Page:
At a time when children and adults can spend a lot of time playing games such as Candy Crush Saga or Call of Duty on their phone, tablet, computer or TV, researchers are pushing hard to develop captivating games that result in better health.

One of the major players on that front is the Robert Wood Johnson Foundation, which, among other efforts, is in the midst of a contest to award $200,000 to developers that create games making use of health care quality data.

"We know there is some basic evidence that people can change behavior with a good compelling game," says Michael Painter, M.D., senior program officer for RWJF. "We're just trying to be innovative, and create and find some unconventional solutions to problems that people are facing," Painter says.

In addition to designing a game people want to play, developers are required to incorporate health care data from the foundation's initiative sponsoring the challenge, Aligning Forces for Quality, from its County Health Rankings & Roadmaps program or from another source.

The foundation has selected five teams of finalists, who must submit fleshed-out versions of their original proposals by July 29. The winning team will take home $100,000 and be given a presentation slot at the Health 2.0 conference in the fall, while second- and third-place finishers will get $50,000 and $25,000, respectively. Each of the finalists was awarded $5,000 in the first round.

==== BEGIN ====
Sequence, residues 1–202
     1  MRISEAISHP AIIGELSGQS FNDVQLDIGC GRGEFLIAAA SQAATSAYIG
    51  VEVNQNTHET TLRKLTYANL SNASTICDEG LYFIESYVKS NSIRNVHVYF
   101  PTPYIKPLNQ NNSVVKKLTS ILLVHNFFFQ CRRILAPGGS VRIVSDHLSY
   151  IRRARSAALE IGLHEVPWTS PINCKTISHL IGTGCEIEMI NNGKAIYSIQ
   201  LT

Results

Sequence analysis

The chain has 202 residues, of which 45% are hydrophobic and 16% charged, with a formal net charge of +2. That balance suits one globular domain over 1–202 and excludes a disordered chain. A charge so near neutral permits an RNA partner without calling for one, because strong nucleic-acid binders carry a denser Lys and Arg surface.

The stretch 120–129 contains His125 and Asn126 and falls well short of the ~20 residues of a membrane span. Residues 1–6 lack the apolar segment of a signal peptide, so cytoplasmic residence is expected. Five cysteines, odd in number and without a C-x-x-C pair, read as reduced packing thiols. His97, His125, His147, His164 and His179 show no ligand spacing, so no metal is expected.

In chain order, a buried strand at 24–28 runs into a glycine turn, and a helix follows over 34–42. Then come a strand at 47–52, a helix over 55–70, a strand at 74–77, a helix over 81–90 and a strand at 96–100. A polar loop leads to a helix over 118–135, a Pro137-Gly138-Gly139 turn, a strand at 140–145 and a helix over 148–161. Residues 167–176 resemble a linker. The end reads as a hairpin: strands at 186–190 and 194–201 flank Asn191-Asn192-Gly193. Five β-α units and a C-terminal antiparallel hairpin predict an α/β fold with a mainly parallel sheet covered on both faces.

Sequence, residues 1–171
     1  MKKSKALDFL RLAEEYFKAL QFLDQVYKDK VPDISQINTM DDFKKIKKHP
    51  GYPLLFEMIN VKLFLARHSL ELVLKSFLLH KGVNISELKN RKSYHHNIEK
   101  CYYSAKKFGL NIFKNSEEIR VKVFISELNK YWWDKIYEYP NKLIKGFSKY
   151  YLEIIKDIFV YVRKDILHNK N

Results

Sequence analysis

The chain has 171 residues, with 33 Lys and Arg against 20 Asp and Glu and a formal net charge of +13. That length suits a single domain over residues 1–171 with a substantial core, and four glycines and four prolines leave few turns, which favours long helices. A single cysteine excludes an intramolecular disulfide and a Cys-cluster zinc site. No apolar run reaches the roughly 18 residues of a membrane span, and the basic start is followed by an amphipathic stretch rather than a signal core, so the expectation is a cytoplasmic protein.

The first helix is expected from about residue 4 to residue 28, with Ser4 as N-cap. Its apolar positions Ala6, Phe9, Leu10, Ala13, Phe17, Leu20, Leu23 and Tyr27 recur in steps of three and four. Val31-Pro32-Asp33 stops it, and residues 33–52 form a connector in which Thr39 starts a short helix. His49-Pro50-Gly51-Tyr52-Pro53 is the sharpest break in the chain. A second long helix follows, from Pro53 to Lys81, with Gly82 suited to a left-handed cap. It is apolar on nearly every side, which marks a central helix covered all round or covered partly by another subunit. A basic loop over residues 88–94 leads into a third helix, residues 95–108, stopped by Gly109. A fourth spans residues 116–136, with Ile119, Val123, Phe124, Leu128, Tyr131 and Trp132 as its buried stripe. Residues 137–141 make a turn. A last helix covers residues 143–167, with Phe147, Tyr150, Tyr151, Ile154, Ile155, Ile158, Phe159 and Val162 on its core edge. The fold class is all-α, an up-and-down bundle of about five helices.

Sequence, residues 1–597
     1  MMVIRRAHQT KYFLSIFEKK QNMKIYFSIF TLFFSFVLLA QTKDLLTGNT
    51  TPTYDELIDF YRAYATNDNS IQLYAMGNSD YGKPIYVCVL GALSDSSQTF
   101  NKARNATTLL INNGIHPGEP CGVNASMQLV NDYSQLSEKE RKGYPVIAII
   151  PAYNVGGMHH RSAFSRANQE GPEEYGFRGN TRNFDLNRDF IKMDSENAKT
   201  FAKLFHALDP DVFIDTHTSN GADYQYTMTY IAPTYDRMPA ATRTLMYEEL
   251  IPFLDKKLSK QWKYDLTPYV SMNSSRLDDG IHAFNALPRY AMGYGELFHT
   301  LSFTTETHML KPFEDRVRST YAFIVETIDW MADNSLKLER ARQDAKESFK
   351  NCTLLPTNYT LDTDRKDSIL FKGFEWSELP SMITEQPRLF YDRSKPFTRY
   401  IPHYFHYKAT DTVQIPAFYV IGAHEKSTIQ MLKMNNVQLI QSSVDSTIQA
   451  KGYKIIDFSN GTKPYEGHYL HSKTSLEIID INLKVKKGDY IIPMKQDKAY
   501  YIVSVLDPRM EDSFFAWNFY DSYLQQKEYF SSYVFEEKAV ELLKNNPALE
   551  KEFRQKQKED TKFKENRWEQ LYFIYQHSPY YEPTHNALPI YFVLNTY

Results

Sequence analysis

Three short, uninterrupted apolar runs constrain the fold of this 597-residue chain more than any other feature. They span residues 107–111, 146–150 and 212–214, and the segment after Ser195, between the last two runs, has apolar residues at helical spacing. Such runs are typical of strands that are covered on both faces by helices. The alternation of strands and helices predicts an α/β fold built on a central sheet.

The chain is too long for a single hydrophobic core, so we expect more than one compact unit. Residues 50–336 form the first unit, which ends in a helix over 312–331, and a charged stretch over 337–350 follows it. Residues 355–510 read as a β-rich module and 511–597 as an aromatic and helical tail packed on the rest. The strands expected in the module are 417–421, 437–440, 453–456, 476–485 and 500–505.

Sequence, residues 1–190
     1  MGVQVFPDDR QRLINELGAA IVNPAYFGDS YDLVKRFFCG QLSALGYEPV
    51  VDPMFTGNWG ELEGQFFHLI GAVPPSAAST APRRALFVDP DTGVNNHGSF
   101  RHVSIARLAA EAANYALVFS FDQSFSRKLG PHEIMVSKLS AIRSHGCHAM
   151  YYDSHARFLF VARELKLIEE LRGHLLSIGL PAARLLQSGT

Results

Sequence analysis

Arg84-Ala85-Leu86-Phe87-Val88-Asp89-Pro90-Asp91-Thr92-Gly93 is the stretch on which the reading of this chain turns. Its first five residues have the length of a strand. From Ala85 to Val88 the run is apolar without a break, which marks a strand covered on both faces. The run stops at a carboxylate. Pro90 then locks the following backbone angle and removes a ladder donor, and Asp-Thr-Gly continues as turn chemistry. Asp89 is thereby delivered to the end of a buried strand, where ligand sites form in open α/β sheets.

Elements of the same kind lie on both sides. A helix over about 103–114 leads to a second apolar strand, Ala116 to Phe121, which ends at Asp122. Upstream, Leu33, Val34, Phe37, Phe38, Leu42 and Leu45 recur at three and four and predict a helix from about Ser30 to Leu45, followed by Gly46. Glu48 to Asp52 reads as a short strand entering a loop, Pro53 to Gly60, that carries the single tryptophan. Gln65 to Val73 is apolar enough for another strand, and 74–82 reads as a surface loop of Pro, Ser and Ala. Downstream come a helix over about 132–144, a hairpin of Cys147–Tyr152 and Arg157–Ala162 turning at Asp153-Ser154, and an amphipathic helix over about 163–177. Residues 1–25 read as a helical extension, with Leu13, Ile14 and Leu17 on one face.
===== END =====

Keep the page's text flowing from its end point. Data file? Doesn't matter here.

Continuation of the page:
Among the finalists is one that would use evidence-based treatment methods to create a self-help game for people with anxiety and depression. Another would use interactive storytelling that will present a picture of the user's future self and community.

Health games already can be found on smartphones and tablets. The company Mindbloom Inc. offers games that are designed to improve mental and physical health. Among them, Juice is an energy improvement game centered on a juice bottle, and Life Game seeks to improve all aspects of a person's life using a tree as an avatar.

Kids can learn about the medical industry by playing Dr. Panda, which allows each player to administer innoculations and bandage an animal's behind, and to clean the quite-dirty teeth of another.

A more cynical approach to the health care industry is taken by the smartphone and tablet game My Clinic, which has the player running a clinic/hospital to maximize profit. Once the player finishes the introduction to the game, the cartoon nurse says: "Great! Now you understand all the intricacies of managing a hospital. Confidence comes with experience. I'm sure things will work out great."